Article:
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Airflow relieves chronic breathlessness in people with advanced disease: An exploratory systematic review and meta-analyses

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JournalPalliative Medicine
DateAccepted/In press - 11 Feb 2019
DateE-pub ahead of print - 8 Mar 2019
DatePublished (current) - 1 Jun 2019
Issue number6
Number of pages16
Pages (from-to)618-633
Early online date8/03/19
Original languageEnglish


BACKGROUND:: Chronic breathlessness is a neglected symptom of advanced diseases.

AIM:: To examine the effect of airflow for chronic breathlessness relief.

DESIGN:: Exploratory systematic review and meta-analysis.

DATA SOURCES:: Medline, CINAHL, AMED and Cochrane databases were searched (1985-2018) for observational studies or randomised controlled trials of airflow as intervention or comparator. Selection against predefined inclusion criteria, quality appraisal and data extraction was conducted by two independent reviewers with access to a third for unresolved differences. 'Before and after' breathlessness measures from airflow arms were analysed. Meta-analysis was carried out where possible.

RESULTS:: In all, 16 of 78 studies (n = 929) were included: 11 randomised controlled trials of oxygen versus medical air, 4 randomised controlled trials and 1 fan cohort study. Three meta-analyses were possible: (1) Fan at rest in three studies (n = 111) offered significant benefit for breathlessness intensity (0-100 mm visual analogue scale and 0-10 numerical rating scale), mean difference -11.17 (95% confidence intervals (CI) -16.60 to -5.74), p = 0.06 I2 64%. (2) Medical air via nasal cannulae at rest in two studies (n = 89) improved breathlessness intensity (visual analogue scale), mean difference -12.0 mm, 95% CI -7.4 to -16.6, p < 0.0001 I2 = 0%. (3) Medical airflow during a constant load exercise test before and after rehabilitation (n = 29) in two studies improved breathlessness intensity (modified Borg scale, 0-10), mean difference -2.9, 95% CI -3.2 to -2.7, p < 0.0001 I2 = 0%.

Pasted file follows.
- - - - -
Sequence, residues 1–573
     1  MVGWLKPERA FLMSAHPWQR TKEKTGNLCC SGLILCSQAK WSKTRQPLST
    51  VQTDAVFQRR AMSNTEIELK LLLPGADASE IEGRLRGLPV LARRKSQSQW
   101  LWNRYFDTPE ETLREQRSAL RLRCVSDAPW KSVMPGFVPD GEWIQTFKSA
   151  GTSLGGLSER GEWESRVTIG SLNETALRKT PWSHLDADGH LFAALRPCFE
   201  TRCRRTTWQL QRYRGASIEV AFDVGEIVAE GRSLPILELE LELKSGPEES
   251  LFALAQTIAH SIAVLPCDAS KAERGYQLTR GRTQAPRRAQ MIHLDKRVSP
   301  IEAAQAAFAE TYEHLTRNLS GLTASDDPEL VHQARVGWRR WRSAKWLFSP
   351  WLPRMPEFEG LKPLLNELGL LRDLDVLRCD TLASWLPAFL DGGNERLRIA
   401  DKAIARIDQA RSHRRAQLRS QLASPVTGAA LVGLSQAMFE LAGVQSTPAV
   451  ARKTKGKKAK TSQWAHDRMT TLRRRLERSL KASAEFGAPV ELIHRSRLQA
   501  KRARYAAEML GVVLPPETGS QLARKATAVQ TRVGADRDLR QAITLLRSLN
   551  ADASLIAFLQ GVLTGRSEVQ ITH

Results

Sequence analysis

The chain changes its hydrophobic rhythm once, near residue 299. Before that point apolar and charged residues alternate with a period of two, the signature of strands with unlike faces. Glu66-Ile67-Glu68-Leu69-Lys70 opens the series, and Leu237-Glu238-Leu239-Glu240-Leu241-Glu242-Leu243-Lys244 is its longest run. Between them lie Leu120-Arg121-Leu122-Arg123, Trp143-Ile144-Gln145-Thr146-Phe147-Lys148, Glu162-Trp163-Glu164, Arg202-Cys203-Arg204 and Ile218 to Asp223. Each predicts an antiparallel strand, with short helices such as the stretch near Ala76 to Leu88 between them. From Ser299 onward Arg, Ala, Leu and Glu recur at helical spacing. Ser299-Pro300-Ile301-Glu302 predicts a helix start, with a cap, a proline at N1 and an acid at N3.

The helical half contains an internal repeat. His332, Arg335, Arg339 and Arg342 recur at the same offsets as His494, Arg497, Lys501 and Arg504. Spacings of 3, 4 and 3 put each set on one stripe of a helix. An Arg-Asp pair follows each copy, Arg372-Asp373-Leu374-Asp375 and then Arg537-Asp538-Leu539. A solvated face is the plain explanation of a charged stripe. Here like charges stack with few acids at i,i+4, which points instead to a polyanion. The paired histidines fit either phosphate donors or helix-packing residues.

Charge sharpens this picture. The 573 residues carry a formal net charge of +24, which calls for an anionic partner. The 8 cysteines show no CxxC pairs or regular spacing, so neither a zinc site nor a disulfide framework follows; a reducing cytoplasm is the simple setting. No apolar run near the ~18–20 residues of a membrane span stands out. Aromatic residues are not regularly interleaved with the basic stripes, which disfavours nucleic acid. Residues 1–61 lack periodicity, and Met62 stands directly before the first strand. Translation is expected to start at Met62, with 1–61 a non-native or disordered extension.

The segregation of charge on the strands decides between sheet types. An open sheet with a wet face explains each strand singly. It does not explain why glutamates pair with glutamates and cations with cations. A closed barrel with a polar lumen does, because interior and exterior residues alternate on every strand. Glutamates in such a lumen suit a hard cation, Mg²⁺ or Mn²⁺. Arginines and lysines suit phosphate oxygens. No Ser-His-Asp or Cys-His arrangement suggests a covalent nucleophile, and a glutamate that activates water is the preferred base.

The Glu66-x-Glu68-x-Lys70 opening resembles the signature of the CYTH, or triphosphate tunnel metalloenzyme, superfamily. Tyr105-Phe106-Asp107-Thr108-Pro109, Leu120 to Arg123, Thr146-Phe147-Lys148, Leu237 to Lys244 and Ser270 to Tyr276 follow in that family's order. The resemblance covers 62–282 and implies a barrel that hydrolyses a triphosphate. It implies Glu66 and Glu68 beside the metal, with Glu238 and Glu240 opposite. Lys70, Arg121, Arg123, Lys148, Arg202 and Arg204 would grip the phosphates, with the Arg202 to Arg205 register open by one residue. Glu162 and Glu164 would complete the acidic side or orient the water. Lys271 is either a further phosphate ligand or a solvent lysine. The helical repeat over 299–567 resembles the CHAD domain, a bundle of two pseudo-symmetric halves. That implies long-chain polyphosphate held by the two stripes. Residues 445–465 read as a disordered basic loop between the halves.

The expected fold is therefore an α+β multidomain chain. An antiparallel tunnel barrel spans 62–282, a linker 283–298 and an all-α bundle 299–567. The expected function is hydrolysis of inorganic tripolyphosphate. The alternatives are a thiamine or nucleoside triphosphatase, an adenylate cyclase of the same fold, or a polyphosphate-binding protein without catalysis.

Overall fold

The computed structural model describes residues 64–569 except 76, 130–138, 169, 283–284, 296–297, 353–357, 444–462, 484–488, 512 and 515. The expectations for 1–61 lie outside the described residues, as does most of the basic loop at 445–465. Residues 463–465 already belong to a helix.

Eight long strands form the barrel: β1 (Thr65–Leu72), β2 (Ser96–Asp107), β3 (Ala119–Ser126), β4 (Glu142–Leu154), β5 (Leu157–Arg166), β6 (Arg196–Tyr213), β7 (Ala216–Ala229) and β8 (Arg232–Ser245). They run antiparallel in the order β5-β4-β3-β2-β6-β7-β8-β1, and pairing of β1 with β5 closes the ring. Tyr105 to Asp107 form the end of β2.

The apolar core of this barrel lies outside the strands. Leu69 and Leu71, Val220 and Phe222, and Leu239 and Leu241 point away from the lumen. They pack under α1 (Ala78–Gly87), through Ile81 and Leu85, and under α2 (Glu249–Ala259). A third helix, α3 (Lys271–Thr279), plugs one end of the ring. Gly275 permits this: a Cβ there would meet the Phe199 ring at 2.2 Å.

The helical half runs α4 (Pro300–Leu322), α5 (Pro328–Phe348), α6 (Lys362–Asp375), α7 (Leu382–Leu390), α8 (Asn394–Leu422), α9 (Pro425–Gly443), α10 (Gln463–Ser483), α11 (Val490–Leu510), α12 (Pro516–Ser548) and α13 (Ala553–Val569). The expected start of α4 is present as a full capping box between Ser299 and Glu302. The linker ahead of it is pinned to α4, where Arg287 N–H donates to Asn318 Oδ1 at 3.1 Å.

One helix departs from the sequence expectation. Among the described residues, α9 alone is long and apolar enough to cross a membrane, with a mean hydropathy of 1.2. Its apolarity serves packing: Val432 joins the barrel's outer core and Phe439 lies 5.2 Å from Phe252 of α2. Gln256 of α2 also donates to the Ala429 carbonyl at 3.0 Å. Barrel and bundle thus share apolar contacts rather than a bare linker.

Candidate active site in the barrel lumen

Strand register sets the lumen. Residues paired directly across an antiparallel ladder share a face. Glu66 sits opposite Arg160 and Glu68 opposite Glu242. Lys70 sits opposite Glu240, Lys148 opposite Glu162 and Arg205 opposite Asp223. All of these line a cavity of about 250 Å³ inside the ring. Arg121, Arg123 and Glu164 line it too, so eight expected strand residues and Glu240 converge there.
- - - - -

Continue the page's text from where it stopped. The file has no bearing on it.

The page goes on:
CONCLUSION:: Airflow appears to offer meaningful relief of chronic breathlessness and should be considered as an adjunct treatment in the management of breathlessness.

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© The Author(s) 2019. This is an author-produced version of the published paper. Uploaded in accordance with the publisher’s self-archiving policy. Further copying may not be permitted; contact the publisher for details.

    Research areas

  • Dyspnoea, airflow (relevant term as the intervention subject heading), review, self-management

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